Police: Man who set girlfriend on fire had domestic battery warrant
Darryl Whipple has history of domestic issues
JACKSONVILLE, Fla. – A man charged with setting his girlfriend on fire at a Golden Corral had a warrant out for his arrest for domestic battery when the attack took place, according to officials.
Darryl Whipple, 58, is accused of dousing his girlfriend, 56-year-old Carol Renee Demmons, with flammable liquid and lighting her on fire as she worked behind the dessert counter inside the restaurant on Memorial Park Road, just off Normandy Boulevard, on Oct. 12.
Whipple was arrested on charges of attempted murder, battery and criminal mischief or interruption of a business, according to the Jacksonville Sheriff's Office.
Demmons is recovering from severe burns.
According to police, the Sheriff’s Office had a warrant out for Whipple’s arrest for domestic battery as a result of an incident with Demmons on Aug. 16.
Whipple was served with the warrant in jail. The judge in Whipple's domestic battery case waived his appearance Tuesday.
Demmons' family was at the courthouse Tuesday, expecting to see Whipple face a judge. Her loved ones asked the community to keep Demmons in their prayers.
"Just pray, continue to pray. We’ve had a lot of people praying, and that’s what’s important right now,” Demmons' cousin, Glenda Hall, said. “She’s got a long process, and if you could put her on your church prayer list, that would be great.”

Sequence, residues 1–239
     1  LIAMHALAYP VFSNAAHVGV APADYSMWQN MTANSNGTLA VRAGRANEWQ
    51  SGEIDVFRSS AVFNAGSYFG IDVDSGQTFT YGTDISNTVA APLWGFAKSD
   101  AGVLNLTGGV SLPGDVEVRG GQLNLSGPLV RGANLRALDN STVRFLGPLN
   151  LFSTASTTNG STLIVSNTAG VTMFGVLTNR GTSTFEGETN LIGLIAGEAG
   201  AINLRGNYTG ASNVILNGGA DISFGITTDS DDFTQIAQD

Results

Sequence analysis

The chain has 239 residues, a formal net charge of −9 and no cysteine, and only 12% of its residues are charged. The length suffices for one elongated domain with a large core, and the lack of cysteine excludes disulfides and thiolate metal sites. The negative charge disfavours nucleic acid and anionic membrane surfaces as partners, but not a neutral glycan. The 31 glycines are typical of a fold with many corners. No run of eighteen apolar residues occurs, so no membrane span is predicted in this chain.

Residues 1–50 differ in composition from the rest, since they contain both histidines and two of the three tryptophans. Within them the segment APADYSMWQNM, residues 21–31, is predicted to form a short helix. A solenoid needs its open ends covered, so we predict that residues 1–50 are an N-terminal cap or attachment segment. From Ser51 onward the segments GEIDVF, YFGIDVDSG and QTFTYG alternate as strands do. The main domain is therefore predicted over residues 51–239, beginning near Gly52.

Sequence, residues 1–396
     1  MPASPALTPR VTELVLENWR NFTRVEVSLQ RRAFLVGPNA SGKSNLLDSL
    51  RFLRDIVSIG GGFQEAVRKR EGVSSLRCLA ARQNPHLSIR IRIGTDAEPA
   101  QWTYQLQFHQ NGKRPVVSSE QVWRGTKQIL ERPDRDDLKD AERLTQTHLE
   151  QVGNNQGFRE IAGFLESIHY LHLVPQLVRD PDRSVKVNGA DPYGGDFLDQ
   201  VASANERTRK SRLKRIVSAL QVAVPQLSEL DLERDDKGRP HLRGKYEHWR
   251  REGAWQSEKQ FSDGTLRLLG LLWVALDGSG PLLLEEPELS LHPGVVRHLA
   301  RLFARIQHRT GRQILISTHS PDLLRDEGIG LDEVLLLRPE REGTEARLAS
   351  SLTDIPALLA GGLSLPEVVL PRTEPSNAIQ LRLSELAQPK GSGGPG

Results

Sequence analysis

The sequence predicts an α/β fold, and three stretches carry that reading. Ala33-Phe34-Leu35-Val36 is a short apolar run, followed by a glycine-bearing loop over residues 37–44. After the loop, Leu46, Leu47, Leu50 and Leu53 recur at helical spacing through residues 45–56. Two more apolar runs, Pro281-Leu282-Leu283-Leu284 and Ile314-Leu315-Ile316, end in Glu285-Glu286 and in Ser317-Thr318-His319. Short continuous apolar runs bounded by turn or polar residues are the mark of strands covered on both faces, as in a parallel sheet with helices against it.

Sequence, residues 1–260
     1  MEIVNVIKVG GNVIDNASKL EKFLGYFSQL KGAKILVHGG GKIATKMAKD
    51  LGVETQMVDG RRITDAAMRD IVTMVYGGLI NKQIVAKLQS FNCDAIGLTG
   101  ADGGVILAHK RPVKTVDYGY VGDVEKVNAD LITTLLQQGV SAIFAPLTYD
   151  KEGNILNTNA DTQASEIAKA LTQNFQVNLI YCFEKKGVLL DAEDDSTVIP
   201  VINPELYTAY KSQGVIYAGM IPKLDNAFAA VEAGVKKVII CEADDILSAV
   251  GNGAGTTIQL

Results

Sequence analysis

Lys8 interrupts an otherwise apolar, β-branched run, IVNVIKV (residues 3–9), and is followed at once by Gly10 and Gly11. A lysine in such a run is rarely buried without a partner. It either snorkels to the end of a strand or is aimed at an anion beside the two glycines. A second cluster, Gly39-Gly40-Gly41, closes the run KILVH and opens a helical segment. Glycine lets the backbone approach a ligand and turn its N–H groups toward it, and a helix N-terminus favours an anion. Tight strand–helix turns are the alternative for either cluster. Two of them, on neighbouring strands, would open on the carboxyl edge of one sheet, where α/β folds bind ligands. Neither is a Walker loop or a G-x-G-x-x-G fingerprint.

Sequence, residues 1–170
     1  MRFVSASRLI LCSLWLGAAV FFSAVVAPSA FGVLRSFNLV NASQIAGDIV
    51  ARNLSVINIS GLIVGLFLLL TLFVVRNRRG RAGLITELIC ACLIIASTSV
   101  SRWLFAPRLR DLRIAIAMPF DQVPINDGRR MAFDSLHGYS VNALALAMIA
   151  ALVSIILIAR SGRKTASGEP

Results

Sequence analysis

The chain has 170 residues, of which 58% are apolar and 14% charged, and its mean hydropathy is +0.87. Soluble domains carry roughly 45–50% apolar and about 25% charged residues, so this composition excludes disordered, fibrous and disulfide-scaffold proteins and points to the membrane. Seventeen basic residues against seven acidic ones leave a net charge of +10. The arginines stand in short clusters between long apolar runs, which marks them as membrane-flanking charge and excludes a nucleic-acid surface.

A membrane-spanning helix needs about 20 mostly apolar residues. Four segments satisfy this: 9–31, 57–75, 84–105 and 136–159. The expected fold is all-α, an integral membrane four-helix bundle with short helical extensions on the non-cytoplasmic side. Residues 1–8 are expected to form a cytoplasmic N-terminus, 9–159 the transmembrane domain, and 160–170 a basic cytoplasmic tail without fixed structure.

Whipple, who is being held without bond, is expected back in court Nov. 15.
I-TEAM: Whipple previously arrested for domestic battery
Police said Whipple has a history of domestic issues.
Three years ago, another woman petitioned the court for a domestic violence injunction against Whipple. He's had other run-ins with police as well, including arrests for domestic battery and aggravated assault.
He was arrested for domestic battery on Demmons in April, but she declined to press charges, admitting that she started the fight. The arrest report indicated Demmons pulled a knife on Whipple.
News4Jax crime and safety analyst Gil Smith said there are often warning signs of abuse, but domestic violence can be unpredictable.
"It really doesn't have a set pattern. A person can have no history of domestic violence and then the first time become extremely violent. Sometimes, those patterns are hard to follow," Smith said. "If someone has a very controlling nature, they want to control where you go, they want to know who you're with all the time, checking your cellphone, just have a controlling nature -- that's a sign that violence could be there."
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